If you read my last article (“What You Don’t Know Can Really Hurt You,” Oct. 9) about the “90 percenters”, and you were in that group, then your accountant probably has you set up on the cash method. The cash method may work just fine for tax information and may let you delay paying taxes, but as a management tool it has limited value.

Think about it this way, if you are on the cash method, maybe you can delay paying taxes this year and if you are lucky, you won’t make any money next year, so you won’t have to pay taxes then either. What a concept! (Sorry about that, I just couldn’t help myself.)

Table 1. (Click on the table for an enlarged view.)

WHICH METHOD DO YOU USE?

If you record or count your sales when you get paid, then you are on the cash method.

If you record or count your expenses, when you pay them, then you are on the cash method.

The problem with accounting as described above is that each monthly statement is skewed.

Example: Suppose you sell a job on Oct. 26 and install on Oct. 30, and you receive and record the payment Dec. 10. You had purchased the equipment and materials to install the job back on Oct. 3. You actually paid for the equipment and material Nov. 10. You paid for the labor spent on the job on Nov. 3. (See Table 1.)

What is wrong with this picture? The sale doesn’t show up when it occurred (October). The expense doesn’t show up when it was incurred (October).

The sale still does not show up in November. All the expense shows up in November. November is a disaster!

The sale finally shows up in December. No expense is recorded in December. December is showing all income and no expense. December looks good!

Now I know you are not necessarily trained in accounting, but if you are going to the trouble and expense to keep up with where your business is, do you think you are getting your money’s worth? If you are on the cash method, here is an idea: You could paper the bathroom wall with the financials you are getting because they are simply not correct and are of no use to you as a management tool. It’s no wonder you only look at them for a few minutes and then file them away forever.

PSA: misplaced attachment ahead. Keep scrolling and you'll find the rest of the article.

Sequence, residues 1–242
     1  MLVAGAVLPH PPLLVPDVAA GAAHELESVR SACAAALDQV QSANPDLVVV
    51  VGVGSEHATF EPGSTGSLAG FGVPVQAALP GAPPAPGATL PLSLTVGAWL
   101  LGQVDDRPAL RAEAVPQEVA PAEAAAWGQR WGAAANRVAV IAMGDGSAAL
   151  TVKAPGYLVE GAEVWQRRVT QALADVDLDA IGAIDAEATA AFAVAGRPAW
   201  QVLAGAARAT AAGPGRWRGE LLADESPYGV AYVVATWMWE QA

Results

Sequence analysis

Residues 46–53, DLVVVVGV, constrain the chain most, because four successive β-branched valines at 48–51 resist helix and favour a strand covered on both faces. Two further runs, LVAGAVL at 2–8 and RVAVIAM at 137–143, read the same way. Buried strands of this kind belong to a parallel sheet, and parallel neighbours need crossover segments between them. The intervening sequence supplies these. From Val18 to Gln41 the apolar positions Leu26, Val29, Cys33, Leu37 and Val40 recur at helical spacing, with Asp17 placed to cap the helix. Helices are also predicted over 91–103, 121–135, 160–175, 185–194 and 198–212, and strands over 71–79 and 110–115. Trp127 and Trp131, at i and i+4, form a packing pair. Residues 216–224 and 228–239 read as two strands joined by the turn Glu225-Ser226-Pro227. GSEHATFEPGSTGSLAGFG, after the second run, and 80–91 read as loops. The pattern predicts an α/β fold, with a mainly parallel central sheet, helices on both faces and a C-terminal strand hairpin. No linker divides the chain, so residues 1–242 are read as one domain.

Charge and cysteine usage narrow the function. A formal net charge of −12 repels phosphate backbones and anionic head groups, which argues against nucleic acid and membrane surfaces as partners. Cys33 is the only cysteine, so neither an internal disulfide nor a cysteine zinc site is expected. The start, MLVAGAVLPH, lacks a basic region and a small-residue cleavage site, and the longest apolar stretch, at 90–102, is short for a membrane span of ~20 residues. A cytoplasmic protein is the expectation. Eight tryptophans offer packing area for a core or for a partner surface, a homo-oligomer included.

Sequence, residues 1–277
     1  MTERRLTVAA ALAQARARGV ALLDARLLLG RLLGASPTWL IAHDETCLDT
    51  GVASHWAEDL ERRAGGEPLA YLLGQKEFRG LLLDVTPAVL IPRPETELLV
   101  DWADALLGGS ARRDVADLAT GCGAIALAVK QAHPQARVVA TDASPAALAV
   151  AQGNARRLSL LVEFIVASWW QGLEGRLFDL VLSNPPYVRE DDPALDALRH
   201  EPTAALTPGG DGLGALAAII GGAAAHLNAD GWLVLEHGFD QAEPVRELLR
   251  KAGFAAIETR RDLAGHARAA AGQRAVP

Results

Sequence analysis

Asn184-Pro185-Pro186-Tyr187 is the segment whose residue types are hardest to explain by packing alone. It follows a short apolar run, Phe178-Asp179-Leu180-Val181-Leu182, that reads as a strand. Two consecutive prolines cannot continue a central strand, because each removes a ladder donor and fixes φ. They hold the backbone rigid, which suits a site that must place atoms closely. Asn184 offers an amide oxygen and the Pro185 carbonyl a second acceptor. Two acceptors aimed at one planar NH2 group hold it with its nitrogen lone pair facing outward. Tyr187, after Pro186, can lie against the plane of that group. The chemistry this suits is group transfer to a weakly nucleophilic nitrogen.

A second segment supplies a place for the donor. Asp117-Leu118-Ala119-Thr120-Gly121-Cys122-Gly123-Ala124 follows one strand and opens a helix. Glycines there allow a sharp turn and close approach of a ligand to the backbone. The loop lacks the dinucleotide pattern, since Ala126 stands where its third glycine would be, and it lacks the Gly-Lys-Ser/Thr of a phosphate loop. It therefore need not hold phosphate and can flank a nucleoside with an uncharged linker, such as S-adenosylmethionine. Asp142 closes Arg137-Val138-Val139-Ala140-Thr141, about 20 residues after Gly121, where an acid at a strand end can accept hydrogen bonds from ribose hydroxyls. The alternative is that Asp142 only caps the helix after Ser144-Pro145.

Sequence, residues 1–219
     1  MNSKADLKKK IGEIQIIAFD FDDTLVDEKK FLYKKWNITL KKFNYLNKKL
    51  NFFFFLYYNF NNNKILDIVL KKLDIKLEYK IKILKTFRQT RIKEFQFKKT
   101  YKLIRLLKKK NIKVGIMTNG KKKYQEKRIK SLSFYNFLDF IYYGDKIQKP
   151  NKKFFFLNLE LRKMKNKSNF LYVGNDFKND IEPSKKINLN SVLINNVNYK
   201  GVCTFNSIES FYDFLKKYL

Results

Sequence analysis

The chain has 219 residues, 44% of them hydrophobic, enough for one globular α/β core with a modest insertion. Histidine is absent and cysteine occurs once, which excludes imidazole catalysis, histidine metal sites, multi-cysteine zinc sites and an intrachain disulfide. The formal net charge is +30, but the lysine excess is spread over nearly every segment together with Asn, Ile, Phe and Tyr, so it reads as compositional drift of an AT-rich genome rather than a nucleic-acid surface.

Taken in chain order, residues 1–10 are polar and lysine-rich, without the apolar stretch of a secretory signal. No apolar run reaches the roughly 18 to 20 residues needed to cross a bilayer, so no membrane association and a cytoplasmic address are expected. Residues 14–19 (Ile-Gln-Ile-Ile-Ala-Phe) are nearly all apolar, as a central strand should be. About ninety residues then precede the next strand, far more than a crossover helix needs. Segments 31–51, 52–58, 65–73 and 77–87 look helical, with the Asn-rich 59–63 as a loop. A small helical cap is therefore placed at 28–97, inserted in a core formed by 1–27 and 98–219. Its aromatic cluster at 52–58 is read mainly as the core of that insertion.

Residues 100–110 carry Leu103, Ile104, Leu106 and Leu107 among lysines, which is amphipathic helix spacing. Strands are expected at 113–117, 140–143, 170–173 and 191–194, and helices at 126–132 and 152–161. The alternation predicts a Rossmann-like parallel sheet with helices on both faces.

Who among you think that GE, Sears, McDonalds, and Wal-Mart, or even the most successful contractor in your area, is using an accounting system as described above? None of them use the cash method and you shouldn’t either. The purpose of accounting is to record what is happening and when. Period!

Look at Table 1 to see how the accrual method can make a big difference in your financial reporting. This method reflects when the sale was made and when the expense was incurred.

Please give some thought to this accounting method stuff. This is a serious problem for our industry. Get out of that “90 percenter” group and join the other 10 percent.

Ligon’s Law: “If you keep on doin’ what you’re doin’, you will keep on makin’ what you’re makin.’ ” You might want to discuss this with your accountant or contact me.

Publication date: 01/15/2007